Adam Erace Adam Erace battles adult on-set diabetes and cankles as the restaurant critic for the Philadelphia City Paper. He also writes about food and travel for publications like Details, Fodor's and Southern Living. He lives in South Philly with his wife, Charlotte, and two rescue mutts, Lupo and Marco.
Matt Buehler isn’t trying to fool anyone: “We’re not hardcore like Brauhaus,” says the chef of Center City’s raucous, wood-clad new indoor beer garden Brü Craft & Wurst.
The 36-year-old is referring to Brauhaus Schmitz, of course, the local touchstone for rigorously researched traditional and modern German cuisine. That ain’t what’s cooking at Brü, where the house kraut ferments with a yogurt-whey shortcut, beer flows from self-serve kegs controlled by iPads and post-grad frat bros and dips in jean jackets devour sticky buns lathered in foie-gras buttercream at communal picnic tables facing McGillin’s across Drury Street. Throughout the night, the dueling watering holes trade the clammy of skin and bleary of eye back and forth like a two-bit hooker, and the street assumes the damp, revelrous atmosphere of a Cancun block party.
Grab a sombrero, because despite this, you should still go.
Owner Teddy Sourias’ portfolio (Finn McCools, Prime Lounge) isn’t exactly what you’d call inspiring, but the restaurateur has really done right by the old Mitchell & Ness showroom. A forest of felled planks panel the long, narrow space in varying shades and grades. A glass garage door rolls up to the street, and carnival lights lope across the ceiling. The self-serve draught tower really is impressive, even if some of its six beers (ahem, Corona) aren’t. Above each tap, a tablet inlaid into the rounded copper cladding dispenses beer at a finger’s touch, but the directions on how to operate the system aren’t so clear, leaving me wondering where to buy my rechargeable “Brew Card” and arbitrarily tapping buttons like my grandmother might if I handed her my iPhone.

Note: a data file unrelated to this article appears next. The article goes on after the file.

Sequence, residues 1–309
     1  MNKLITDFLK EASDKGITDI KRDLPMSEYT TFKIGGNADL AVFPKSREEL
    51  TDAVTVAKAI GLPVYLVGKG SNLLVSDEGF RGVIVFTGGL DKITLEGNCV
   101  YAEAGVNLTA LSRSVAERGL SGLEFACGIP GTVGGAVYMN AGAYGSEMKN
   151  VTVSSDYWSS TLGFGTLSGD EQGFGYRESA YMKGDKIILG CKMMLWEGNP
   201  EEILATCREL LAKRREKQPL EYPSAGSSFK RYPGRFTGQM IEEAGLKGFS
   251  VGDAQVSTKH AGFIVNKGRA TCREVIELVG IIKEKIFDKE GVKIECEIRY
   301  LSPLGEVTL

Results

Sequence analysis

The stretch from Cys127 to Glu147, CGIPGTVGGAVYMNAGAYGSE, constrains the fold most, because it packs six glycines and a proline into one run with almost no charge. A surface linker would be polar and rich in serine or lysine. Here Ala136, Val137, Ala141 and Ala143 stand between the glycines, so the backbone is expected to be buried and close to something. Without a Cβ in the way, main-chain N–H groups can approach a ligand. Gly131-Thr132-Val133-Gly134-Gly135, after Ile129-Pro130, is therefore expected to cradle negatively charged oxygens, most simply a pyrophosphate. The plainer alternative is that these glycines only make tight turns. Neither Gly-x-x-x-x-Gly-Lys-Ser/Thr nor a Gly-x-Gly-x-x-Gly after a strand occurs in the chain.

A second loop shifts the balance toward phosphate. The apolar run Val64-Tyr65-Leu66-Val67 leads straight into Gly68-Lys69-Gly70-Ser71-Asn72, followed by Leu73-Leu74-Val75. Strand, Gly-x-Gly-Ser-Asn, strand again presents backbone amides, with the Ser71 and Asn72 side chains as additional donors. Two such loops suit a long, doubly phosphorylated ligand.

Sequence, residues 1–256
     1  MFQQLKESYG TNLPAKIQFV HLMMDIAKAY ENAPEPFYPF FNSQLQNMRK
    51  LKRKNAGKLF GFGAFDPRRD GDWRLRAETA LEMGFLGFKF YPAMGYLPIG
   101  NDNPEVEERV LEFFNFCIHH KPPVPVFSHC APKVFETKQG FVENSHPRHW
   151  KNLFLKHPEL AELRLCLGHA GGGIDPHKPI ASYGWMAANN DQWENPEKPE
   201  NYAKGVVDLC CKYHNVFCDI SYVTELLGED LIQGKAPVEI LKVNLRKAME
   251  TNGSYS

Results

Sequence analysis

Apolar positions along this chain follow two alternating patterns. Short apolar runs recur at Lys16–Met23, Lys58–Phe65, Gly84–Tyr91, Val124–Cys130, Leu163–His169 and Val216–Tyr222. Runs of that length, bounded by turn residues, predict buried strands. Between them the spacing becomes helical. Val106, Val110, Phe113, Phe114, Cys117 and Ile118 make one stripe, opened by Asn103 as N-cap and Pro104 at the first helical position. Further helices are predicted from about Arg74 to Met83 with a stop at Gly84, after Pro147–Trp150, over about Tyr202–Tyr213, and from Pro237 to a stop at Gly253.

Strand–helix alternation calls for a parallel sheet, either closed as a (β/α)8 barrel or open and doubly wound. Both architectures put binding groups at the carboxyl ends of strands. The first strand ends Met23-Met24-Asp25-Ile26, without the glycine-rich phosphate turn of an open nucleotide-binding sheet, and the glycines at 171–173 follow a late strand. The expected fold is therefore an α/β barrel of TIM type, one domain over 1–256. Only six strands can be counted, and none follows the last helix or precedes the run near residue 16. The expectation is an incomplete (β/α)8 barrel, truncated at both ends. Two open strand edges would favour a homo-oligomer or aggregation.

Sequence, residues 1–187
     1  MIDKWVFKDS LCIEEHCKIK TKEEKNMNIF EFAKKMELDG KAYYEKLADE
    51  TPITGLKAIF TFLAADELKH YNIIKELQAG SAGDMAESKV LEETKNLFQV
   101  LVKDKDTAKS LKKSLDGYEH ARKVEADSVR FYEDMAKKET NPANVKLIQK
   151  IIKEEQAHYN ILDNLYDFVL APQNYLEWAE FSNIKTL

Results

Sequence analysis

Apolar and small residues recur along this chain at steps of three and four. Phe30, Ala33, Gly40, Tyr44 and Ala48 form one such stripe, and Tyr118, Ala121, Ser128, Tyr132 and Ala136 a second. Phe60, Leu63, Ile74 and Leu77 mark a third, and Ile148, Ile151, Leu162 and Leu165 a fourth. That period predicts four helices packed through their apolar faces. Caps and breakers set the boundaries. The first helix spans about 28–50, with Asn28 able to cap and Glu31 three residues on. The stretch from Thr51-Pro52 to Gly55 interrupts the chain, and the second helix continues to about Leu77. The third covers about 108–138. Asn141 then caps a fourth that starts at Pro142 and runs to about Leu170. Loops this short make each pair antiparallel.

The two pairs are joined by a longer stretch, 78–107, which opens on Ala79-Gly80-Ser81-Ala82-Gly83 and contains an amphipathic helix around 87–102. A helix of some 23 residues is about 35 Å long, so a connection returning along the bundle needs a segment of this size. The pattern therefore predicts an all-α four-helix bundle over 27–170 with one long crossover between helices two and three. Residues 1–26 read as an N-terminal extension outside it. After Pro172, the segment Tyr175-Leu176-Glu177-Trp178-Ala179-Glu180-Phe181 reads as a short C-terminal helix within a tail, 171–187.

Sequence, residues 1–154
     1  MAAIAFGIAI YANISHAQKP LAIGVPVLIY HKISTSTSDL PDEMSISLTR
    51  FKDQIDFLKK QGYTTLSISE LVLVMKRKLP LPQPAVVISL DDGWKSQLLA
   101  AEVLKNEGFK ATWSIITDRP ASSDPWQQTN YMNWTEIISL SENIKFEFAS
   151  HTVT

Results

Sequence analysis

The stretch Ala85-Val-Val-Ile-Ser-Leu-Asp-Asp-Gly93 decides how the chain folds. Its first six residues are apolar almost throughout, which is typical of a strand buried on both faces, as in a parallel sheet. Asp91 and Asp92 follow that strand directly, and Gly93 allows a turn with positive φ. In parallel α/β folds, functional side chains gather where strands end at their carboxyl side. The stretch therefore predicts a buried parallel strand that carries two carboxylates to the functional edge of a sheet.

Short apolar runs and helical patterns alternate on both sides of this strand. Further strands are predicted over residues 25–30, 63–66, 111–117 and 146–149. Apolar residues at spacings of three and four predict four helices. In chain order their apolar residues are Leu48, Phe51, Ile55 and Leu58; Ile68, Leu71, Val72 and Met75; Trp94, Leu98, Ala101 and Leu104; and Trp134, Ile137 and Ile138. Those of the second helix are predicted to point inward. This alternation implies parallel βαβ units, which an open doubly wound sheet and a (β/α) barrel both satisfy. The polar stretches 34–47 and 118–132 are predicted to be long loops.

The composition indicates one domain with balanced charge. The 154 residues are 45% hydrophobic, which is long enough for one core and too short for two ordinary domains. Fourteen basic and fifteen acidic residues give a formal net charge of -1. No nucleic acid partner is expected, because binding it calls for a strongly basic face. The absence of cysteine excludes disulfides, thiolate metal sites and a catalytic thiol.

Eventually I abandoned the hope of Jetsons beer and ordered a pint from a good old-fashioned (and brew-savvy) waitress. With crowds deep and rowdy as Brü’s and a layout so parsimonious even the slenderest of servers has to squeeze and shuffle between the crowded benches at the back of the restaurant, excellent service isn’t what you’d expect. Yet that’s what I received. My server deserves double props for keeping the attitude sunny and the beers refilled; a lesser man would collapse under the onslaught.
Like I nearly did under the onslaught of food. Gose in hand (tepid, with a sputtering fizz), the Drury Street breeze fanning me like a boxer’s cornerman, I prepared for the arrival of the hulking $48 mixed-meats-&-wursts platter, which Buehler describes as “basically the whole menu.” The carnivore carnival sees a dam of pointy, crispy, skin-on fries, the juicy, edgy, whey-fermented kraut (whose secret accelerator I’m stealing for home) and potato-apple latkes constructed for a slew of proteins. There were sausages both housemade (fresh pork greened with marjoram and chive, liverwurst) and from seminal Fox Chase butcher Reiker’s (veal-and-pork weisswurst, a smoky Hungarian-style link), plus pork meatballs, falling-apart braised bacon blocks, curls of pink Westphalian ham and a slab of melting braised pork rib whose tangy glaze was inspired by, according to Buehler, Chinese sweet-and-sour sauce. Not hardcore like Brauhaus, indeed.